Hawks’ bench finding groove as team begins to rediscover itself

Hawks guard Bogdan Bogdanovic drives with the steal against Sacramento Kings Maurice Harkless (left) and Buddy Hield in a NBA basketball game on Wednesday, Jan. 26, 2022, in Atlanta.   “Curtis Compton / Curtis.Compton@ajc.com”`

Credit: Curtis Compton / Curtis.Compton@

Credit: Curtis Compton / Curtis.Compton@

Hawks guard Bogdan Bogdanovic drives with the steal against Sacramento Kings Maurice Harkless (left) and Buddy Hield in a NBA basketball game on Wednesday, Jan. 26, 2022, in Atlanta. “Curtis Compton / Curtis.Compton@ajc.com”`

The Hawks’ 2021-22 season: a masterclass in maddeningly consistent inconsistency. But their latest spurt shows the team that captured Atlanta’s heart with a deep playoff run last summer is still in there somewhere, hidden behind injuries and early-season misfortunes.

With their blowout victory over the Kings on Wednesday, the Hawks have won five consecutive after a five-game skid. An instrumental element to their revival is a rejuvenated bench, one that helped awaken a slumbering offense against Sacramento.

After trailing 33-21 in the first quarter, the Hawks engineered a 26-9 run, sparked by a trio of dunks from big man Onyeka Okongwu and flashy 3’s from sharpshooter Bogdan Bogdanovic. The Hawks won the quarter 46-17 and won the game 121-104. The bench produced 41 points in the first half and 70 overall.

“I thought they really gave us a lift,” coach Nate McMillan said. “I thought our first unit started off slow, and the second unit just came in and really established the defense, got some stops and got out in transition.”

Okongwu and company provided energy on a night that began with little. The Hawks were lethargic against the De’Aaron Fox-less Kings. The lighter crowd was seemingly aware its home team was hosting an out-of-conference foe that hasn’t had a winning season since Tyronn Lue wore a Hawks uniform.

Those nights are primed for letdowns, especially with the Celtics and Lakers – always good for electric environments – awaiting this weekend. The reserves injected an adrenaline shot. Their recent play is a welcomed change of pace from the usual breath holding and finger crossing that ensues when Trae Young exits.

“I’m looking to bring energy on both sides of the floor,” said Okongwu, who’s healthy and proving crucial. “I’m out there to play the right way, have fun and do what I do best. It’s contagious, obviously. So I’m going to have to continue being me.”

What we do know about the perplexing Hawks: The offense is exhilarating. The defense is putrid. Young is marvelous. The core around him hasn’t done enough to make one believe Hawks mania is primed to return this summer.

The Hawks are streaky. They’ve often been injured. They’re a team with depth that’s seemed off; in the NBA, those situations are ripe for trade rumors.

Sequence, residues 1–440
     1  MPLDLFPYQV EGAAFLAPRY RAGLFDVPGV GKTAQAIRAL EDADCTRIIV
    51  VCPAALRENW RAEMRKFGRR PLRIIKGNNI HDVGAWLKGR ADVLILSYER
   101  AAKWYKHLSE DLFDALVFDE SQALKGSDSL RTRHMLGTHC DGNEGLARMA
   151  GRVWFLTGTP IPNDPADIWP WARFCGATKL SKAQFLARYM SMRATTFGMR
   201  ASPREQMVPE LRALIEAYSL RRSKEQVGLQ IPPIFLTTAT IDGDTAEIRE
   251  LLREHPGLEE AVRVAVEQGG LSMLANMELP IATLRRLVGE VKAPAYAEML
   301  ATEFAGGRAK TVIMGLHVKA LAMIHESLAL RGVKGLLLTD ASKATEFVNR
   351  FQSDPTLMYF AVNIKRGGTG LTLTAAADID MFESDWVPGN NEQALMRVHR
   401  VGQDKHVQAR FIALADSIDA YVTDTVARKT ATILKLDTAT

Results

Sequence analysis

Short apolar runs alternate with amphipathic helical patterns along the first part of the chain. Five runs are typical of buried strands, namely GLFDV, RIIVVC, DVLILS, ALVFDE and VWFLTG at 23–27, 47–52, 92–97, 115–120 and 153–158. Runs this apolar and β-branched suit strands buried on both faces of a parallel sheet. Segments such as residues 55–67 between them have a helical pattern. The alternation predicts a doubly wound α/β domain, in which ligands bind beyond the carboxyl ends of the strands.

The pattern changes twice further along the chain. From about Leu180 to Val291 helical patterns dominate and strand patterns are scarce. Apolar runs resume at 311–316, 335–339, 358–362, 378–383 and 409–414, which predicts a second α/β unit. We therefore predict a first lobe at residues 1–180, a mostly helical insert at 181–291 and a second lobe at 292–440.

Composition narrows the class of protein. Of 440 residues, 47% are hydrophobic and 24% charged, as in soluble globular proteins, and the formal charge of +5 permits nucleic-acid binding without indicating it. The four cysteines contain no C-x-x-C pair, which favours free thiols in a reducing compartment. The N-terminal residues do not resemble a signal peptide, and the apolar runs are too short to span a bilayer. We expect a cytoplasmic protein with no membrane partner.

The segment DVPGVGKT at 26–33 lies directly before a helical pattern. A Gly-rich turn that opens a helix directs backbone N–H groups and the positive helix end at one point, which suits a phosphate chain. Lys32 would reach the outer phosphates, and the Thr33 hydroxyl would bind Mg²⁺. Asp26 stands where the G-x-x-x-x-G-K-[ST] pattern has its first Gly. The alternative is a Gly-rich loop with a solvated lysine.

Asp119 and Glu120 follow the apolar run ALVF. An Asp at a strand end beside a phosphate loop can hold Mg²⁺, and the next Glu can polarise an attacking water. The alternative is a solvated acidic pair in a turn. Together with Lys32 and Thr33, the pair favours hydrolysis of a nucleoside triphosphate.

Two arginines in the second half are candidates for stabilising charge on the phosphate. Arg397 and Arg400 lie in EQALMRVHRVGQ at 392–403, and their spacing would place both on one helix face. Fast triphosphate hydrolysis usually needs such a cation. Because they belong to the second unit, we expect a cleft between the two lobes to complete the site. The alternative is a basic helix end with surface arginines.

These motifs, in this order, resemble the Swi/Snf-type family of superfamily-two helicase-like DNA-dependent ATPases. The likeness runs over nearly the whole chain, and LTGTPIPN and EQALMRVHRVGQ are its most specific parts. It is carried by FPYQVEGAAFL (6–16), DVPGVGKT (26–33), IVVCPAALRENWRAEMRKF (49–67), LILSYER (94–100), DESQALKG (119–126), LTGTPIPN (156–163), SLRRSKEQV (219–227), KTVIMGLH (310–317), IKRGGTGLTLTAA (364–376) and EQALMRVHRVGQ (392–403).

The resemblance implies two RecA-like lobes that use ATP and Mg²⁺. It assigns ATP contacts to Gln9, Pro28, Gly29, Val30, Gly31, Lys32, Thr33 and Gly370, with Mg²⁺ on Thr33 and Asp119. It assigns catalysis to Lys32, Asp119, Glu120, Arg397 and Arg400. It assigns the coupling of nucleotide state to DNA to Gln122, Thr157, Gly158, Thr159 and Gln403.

Come to think of it, this market hasn’t seen such an inconsistent but talented roster since the Braves’ first half in 2021, which featured a similar win-loss seesaw. Of course, the Hawks undergoing a full-on defensive makeover is far less practical than the Braves acquiring a slew of undervalued outfielders.

If the Hawks are to concoct their own memorable turnaround, the bench’s recent improvement is a promising place to start. There’s no question the group possesses firepower. With Bogdanovic or Kevin Huerter, along with a steadier Lou Williams, Danilo Gallinari and Delon Wright, there aren’t many benches that equal the Hawks’ blend of scoring and playmaking. (On Bogdanovic, he stressed he doesn’t care whether he’s a starter or second-unit spark.)

Williams, Gallinari and Okongwu combined for 51 points Wednesday. Gallinari added seven. Wright, valued for defense and ball security, chipped in six. It was the Hawks’ second unit at its best – and finally together.

“I think it’s getting healthy,” McMillan said. “They’re in better shape. At the start of the season, I didn’t think our conditioning was good enough. Then all of a sudden we have injuries and COVID, all of those guys are coming back from that. The conditioning was just not there. You have to be in good shape to play offense and defense. I think they’re in better shape than they were to start, and the chemistry is getting better the more they play with each other.”

It’s possible that the Hawks address their defensive deficiencies at the trade deadline next month, but expecting a dramatic turnaround is foolish. The Hawks, as constructed, will win with elite offense. Until the team consolidates or tweaks its depth, this imperfect ensemble is tasked with finding harmony.

Over the past five contests, the Hawks’ bench is plus-4.7 in plus-minus, ranking fourth in the NBA. It isn’t a misleading number, either. Before thrashing the abominable Kings, the Hawks topped the Bucks, Timberwolves, Heat and Hornets - all winning teams.

“We’re a playoff team,” Okongwu said. “We’re starting to play like one.”

The Hawks have faced one of the NBA’s tougher schedules thus far, and they’re now healthier as the slate eases down the stretch. FiveThirtyEight projects the Hawks at 43-39, destined for the play-in tournament but on a better pace than the 22-25 start.

If the reserves continue what they’ve achieved recently, the Hawks will be trending upward before the real season begins. If they’re going to replicate or surpass last season’s run, the depth will need to shine.